Childhood Bipolar Disorder

All children can be moody, some more than others. A difficult home or school situation can make a child sad or angry but not to the level of a “psychiatric disorder.”

What Is Childhood Bipolar Disorder?

Bipolar disorder in children is a serious mood disorder, with a strong genetic component, associated with abnormalities in the structure and function in certain areas of the brain. Faulty parenting is not the cause, although family problems can worsen the symptoms. Children with bipolar disorder have marked ups and downs in mood and behavior which go way beyond normal moodiness. The illness makes the lives of the child and the family miserable, and it disrupts the child’s functioning and relationships both within the family and in the outside world.

What Are the Symptoms of Childhood Bipolar Disorder?

Bipolar children seldom have the discrete episodes of mania and depression seen in adults. The symptoms are usually intertwined, and the mood swings are frequent, sometimes more than once a day (“rapid cycling”). If you are the parent of a bipolar child, you will recognize some of the following:

Manic Symptoms

  • Racing thoughts and rapid speech
  • Surges of energy
  • Irritability and extreme outbursts of anger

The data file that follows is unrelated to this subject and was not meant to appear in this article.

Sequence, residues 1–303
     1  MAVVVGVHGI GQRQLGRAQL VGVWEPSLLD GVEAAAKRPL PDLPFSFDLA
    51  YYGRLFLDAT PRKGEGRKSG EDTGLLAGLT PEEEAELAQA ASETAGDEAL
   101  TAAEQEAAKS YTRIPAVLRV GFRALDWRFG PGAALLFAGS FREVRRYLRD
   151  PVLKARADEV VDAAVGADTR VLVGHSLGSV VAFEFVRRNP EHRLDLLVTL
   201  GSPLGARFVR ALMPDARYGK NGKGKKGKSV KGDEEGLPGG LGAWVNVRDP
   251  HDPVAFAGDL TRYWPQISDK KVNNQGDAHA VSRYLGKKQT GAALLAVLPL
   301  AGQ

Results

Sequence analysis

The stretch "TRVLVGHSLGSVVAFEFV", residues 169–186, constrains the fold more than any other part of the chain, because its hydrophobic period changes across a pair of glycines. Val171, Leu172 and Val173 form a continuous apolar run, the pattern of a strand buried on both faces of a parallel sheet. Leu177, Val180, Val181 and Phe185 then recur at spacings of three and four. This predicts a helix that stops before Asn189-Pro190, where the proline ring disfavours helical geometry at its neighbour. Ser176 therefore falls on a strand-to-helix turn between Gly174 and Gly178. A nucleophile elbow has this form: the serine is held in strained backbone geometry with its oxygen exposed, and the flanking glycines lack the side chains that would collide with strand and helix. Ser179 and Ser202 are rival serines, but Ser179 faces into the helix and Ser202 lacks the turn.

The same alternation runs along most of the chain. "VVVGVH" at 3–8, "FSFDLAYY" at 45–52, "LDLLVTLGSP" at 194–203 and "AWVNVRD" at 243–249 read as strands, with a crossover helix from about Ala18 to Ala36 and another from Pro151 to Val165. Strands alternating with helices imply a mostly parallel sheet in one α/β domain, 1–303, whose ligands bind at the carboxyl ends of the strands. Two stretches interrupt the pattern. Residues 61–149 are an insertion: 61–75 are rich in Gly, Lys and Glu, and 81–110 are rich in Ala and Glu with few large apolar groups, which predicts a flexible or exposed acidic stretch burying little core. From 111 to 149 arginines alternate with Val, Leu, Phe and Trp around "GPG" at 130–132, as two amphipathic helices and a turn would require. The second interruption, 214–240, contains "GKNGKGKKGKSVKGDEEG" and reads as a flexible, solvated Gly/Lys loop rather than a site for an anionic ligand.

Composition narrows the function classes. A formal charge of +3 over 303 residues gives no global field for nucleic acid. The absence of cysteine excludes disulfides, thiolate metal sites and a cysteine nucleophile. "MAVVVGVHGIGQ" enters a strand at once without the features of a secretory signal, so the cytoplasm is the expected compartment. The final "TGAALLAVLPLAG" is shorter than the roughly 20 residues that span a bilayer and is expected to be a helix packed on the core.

• Reckless and irrational behavior that may even be dangerous
  • Inappropriate sexual behavior
  • Very little need for sleep.

Depressive Symptoms. The symptoms are the same as those seen in childhood depression. They include:

  • Deep sadness
  • Frequent crying spells
  • Extreme lack of energy and exhaustion
  • Physical complaints.

What About the Family?

Bipolar disorder is very hard on families. The child complains all the time of being bored and demands constant attention. The siblings are neglected or the targets of physical aggression. The mother is exhausted, and the marriage suffers.

Consulting with Dr. Turecki

If you are worried about your child and family and contact Dr. Turecki, he will first speak with you by phone to learn more about your concerns. You will then come in with your child for a Comprehensive Evaluation. At the end of the visit, Dr. Turecki will share his professional opinion with you, answer your questions and then collaborate with you (and an older child or adolescent) to develop a personalized treatment plan. Almost certainly, the plan will include the use of carefully chosen and monitored medication and parental education and guidance, with an emphasis on behavioral strategies. Therapy for the child is usually needed, and alternative approaches can be helpful. Dr. Turecki may sometimes recommend help for other family members.